I placed the album and a box of note cards on the shop counter, at Third Man Records. “Paris 1900. The Petit Palais Exhibition at the Frist,” was my response to the shop girl who asked “what brings you to Nashville?” She expressed delight and surprise remarking that she seldom hears anyone say they are visiting the Music City for art.
The art inspired continued conversation as another store clerk bagged my latest Loretta Lynn vinyl. It was a wintery November day. An icy wind came blowing in from the Northwest. Droves of Patriot football fans descended upon the city. Lines stretched beyond the sidewalks of Broadway honkytonks, and locally-famed barbeque joints. A short walk beyond the music venues, celebrity-owned bars and street corner buskers, the Frist provides space for those seeking another kind of cultural experience.
Louis Abel-Truchet, Victor Dargaud, Rene Lelong and Camille Piton are just a few of the artists represented in this retrospective celebration of Parisian Belle Epoque. The influences of industrial revolution, theatre and society transfuse this exhibition with the glamour of Victorian age gilt and Gilded Age rebellion, through which new traditions were established. Sublime impressionism, forward Art Nouveau, and classique romanticism anchor collections saturated in past, with a progressive grip, as it were, upon the modern present. A fascination with the controversial, charges the carnivale-style commercial posters. They stimulate the senses as well as the appetite for decadence, just as they did in Paris 1900. Iconic artifacts such as the outrageous Sarah Bernhart’s costume, Toulouse-Lautrec advertisements, Paris World’s Fair memorabilia, sculptures by Rodin and Tiffany, and studies by Alfons Mucha compliment the equally revered works by contemporaries of the more popularly known.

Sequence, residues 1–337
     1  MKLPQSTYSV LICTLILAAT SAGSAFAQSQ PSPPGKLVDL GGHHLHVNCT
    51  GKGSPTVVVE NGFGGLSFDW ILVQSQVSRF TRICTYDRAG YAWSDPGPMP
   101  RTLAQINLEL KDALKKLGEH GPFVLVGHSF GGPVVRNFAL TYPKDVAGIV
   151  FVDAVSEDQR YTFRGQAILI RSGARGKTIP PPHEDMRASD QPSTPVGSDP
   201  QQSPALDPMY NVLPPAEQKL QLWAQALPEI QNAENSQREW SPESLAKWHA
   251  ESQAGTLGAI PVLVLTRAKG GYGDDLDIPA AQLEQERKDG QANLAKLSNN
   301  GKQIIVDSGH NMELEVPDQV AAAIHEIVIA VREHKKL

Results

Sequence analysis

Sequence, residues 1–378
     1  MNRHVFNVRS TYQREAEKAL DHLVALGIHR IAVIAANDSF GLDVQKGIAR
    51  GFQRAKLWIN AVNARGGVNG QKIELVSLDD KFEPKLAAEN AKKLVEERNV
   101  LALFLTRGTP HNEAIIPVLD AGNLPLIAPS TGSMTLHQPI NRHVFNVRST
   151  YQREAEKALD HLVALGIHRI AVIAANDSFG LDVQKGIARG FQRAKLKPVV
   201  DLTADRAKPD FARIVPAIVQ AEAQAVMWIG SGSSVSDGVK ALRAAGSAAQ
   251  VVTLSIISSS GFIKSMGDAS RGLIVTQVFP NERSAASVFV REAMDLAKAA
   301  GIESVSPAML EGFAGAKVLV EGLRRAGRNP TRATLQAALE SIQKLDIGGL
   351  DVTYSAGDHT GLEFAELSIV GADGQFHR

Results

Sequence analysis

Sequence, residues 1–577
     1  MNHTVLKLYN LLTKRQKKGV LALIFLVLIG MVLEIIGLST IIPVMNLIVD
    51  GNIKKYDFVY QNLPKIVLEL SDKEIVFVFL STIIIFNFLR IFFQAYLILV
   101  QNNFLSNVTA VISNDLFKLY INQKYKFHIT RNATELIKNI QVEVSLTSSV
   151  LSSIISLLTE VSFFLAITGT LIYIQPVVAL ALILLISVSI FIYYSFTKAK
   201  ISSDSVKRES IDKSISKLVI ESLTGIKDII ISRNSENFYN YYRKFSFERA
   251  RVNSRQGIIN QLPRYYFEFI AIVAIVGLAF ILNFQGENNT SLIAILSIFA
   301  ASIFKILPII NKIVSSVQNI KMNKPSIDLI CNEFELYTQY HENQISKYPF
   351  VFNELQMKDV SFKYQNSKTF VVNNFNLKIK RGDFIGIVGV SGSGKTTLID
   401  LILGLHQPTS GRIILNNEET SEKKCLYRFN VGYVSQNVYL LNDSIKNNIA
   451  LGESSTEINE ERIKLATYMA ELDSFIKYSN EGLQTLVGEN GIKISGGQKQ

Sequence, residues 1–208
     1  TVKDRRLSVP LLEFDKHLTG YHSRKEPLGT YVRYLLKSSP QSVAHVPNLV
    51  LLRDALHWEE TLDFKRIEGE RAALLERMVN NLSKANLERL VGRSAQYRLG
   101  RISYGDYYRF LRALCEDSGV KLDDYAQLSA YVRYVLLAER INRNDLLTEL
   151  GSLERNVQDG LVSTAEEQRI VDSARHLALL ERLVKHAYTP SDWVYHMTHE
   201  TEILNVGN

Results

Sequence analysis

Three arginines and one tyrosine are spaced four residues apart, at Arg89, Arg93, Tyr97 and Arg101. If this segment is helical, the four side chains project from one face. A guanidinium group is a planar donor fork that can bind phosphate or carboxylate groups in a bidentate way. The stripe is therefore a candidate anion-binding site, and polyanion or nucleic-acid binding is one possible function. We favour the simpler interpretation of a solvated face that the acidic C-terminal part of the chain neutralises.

Paris 1900: City of Entertainment, a current exhibition hosted by the Frist Art Museum is organized by the Petit Palais Museum of Fine Arts, with loans from the Musee Carnavalet, History of Paris and the Palais Galleria Museum of Fashion, Paris Musees. This exhibition closes January 6th, 2019. Visit FristArtMuseum.org for more information.
Art is life expressed – Sarah West, Owner of The Sarah West Gallery of Fine Art